The Sword Apocryphon Review

Released 2012.  

BBC Review

Winning choruses chiselled in stone, crafted with love and authority.

Alex Deller 2012

For a time there, The Sword seemed poised to conquer the universe. They nabbed a Guitar Hero spot, toured with the planet’s biggest metal band, Metallica, and appeared to be blazing a meteoric trajectory that only a vengeful god could stop. Then 2010’s Warp Riders came and went: a somewhat unsatisfying, sci-fi-indebted epic that adopted a rather ill-fitting hard rock aesthetic.

Now, with a new label behind them and a new drummer providing the whumps, it seems The Sword are back on track. They sound far more comfortable in their own skin, because while Apocryphon isn’t shy of those same Thin Lizzy-isms it’s possessed of far more heft and grace than its immediate predecessor.

While channelling Mountain, Black Sabbath and Witchcraft, Apocryphon arrives at a mid-point between the rumbling, dust-huffing grooves of Kyuss and the lusty theatrics of Manowar. Much like the legendary power metallers, the band’s sheer conviction sees them effortlessly delivering content that should be plainly ridiculous, belting out lines like “she wore a cloak of feathers and rode a mare of purest white” with such gusto you’d feel like a snivelling killjoy if you failed to wassail their passage with a sloshed goblet and a hearty cheer.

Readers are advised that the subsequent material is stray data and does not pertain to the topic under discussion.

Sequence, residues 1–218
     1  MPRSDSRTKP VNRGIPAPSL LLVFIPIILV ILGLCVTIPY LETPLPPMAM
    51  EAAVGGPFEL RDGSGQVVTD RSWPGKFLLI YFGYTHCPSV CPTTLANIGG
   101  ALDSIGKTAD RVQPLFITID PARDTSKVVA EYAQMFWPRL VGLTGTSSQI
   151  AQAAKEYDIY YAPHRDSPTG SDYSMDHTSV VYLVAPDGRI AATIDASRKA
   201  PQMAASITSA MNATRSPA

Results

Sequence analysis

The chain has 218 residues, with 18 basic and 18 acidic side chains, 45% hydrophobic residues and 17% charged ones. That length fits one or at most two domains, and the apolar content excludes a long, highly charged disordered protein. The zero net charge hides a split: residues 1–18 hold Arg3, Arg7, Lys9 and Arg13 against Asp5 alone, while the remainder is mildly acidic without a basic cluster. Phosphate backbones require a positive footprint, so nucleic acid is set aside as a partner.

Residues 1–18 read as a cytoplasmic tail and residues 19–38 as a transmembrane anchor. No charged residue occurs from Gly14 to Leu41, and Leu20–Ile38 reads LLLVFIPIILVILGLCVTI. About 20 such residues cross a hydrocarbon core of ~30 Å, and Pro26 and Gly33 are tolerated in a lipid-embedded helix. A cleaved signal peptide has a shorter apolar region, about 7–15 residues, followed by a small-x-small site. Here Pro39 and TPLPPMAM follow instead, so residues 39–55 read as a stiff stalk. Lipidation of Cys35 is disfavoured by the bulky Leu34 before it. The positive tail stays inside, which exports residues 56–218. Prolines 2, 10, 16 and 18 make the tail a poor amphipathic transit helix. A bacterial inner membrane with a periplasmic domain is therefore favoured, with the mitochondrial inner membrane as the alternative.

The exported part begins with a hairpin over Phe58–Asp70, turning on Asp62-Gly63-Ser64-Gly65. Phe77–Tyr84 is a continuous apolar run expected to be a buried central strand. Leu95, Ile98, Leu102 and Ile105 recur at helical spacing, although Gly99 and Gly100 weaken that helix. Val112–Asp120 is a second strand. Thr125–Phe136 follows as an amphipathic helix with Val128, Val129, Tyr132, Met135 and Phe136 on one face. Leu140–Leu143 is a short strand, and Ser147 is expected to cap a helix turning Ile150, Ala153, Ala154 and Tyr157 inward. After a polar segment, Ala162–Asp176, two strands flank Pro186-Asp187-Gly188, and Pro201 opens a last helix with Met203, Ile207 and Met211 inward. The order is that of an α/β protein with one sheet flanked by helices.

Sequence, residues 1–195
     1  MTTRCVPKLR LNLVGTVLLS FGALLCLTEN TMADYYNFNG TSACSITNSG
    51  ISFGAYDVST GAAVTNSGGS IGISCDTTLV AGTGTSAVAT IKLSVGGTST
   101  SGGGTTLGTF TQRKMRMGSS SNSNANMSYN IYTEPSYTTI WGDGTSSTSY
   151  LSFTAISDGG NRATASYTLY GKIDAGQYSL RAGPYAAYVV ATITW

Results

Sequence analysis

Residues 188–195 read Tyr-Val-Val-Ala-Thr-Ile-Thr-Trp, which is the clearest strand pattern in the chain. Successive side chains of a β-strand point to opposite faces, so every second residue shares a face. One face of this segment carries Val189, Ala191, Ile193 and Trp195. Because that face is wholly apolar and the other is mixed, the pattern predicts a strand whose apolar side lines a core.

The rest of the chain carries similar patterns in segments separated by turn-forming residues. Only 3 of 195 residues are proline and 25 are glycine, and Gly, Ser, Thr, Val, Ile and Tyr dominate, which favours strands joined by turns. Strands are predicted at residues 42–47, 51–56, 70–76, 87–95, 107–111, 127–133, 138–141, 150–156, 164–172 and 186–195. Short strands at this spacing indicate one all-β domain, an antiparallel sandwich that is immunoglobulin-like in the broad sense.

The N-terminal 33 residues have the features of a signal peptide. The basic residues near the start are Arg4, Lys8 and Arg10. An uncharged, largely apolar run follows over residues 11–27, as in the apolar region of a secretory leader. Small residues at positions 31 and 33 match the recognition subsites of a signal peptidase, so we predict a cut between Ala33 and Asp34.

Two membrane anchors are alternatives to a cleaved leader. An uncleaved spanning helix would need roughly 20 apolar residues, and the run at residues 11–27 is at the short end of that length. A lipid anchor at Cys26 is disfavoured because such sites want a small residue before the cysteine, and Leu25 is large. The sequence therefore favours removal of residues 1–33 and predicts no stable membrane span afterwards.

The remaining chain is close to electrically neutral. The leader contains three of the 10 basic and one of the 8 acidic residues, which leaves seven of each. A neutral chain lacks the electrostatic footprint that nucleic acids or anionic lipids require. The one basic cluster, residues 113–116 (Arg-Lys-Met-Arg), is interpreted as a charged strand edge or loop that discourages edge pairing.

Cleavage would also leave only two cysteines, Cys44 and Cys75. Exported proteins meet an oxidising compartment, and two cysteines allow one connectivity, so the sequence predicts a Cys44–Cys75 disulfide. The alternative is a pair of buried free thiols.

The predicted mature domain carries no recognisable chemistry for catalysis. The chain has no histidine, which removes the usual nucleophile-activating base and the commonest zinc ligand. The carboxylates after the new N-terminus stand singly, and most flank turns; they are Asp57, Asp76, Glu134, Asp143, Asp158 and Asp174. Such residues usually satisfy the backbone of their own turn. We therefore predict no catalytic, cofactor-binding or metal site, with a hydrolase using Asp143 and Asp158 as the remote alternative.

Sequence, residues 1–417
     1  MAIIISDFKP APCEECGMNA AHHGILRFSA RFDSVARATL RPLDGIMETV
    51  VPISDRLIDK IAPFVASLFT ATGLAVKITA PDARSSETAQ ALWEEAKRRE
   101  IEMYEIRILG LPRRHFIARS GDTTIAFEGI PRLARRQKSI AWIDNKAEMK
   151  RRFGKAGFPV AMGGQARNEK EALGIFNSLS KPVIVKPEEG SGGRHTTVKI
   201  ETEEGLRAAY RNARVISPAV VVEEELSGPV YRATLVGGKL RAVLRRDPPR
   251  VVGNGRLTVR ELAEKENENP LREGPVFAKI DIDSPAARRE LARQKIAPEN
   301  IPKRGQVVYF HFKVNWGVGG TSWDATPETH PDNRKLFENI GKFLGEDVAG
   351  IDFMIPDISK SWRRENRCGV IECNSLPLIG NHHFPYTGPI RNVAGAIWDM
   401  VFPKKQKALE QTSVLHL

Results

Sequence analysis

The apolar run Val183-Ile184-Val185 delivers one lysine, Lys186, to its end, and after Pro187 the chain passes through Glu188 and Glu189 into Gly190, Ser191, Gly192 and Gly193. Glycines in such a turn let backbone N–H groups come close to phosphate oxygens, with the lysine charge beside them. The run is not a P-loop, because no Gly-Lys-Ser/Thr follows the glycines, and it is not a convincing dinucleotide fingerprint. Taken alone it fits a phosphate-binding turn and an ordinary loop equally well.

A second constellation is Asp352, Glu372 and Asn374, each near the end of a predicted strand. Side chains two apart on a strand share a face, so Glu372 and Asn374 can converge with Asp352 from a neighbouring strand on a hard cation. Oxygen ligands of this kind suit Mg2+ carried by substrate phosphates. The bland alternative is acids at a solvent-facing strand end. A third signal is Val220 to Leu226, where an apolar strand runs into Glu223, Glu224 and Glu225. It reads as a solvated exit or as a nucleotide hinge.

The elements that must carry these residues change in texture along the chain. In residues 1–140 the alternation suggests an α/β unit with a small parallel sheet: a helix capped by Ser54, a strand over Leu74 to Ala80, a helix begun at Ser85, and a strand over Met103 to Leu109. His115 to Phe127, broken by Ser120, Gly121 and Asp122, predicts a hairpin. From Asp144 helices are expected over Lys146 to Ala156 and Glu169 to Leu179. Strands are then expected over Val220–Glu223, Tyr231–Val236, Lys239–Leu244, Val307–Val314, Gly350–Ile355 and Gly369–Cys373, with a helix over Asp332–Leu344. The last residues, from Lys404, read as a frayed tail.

It’s this earnestness – alongside a clear knack for a killer hook – that helps Apocryphon win out despite lacking solid-gold riffs or the choicest, fiercest solos. Instead, The Sword forgo stratospheric ambition and showy musicianship for the sake of brisk business and bangover-worthy choruses. And while Execrator’s erratic turns and the nimble synth winding merrily through the title track might suggest the envelope’s being pushed, the band clearly isn’t at a point where they’re willing to probe the fringes in the same way as Baroness or High on Fire.

This, though, needn’t be condemned at a point when ‘going prog’ is almost the easier path to take: there are songs here, and songs by gauntletful. They’re relatively simple things to be sure, but they’ve been crafted with love and authority before being chiselled in stone so that they may yet last certain discerning metallers a lifetime.

Creative Commons Licence This work is licensed under a Creative Commons Licence. If you choose to use this review on your site please link back to this page.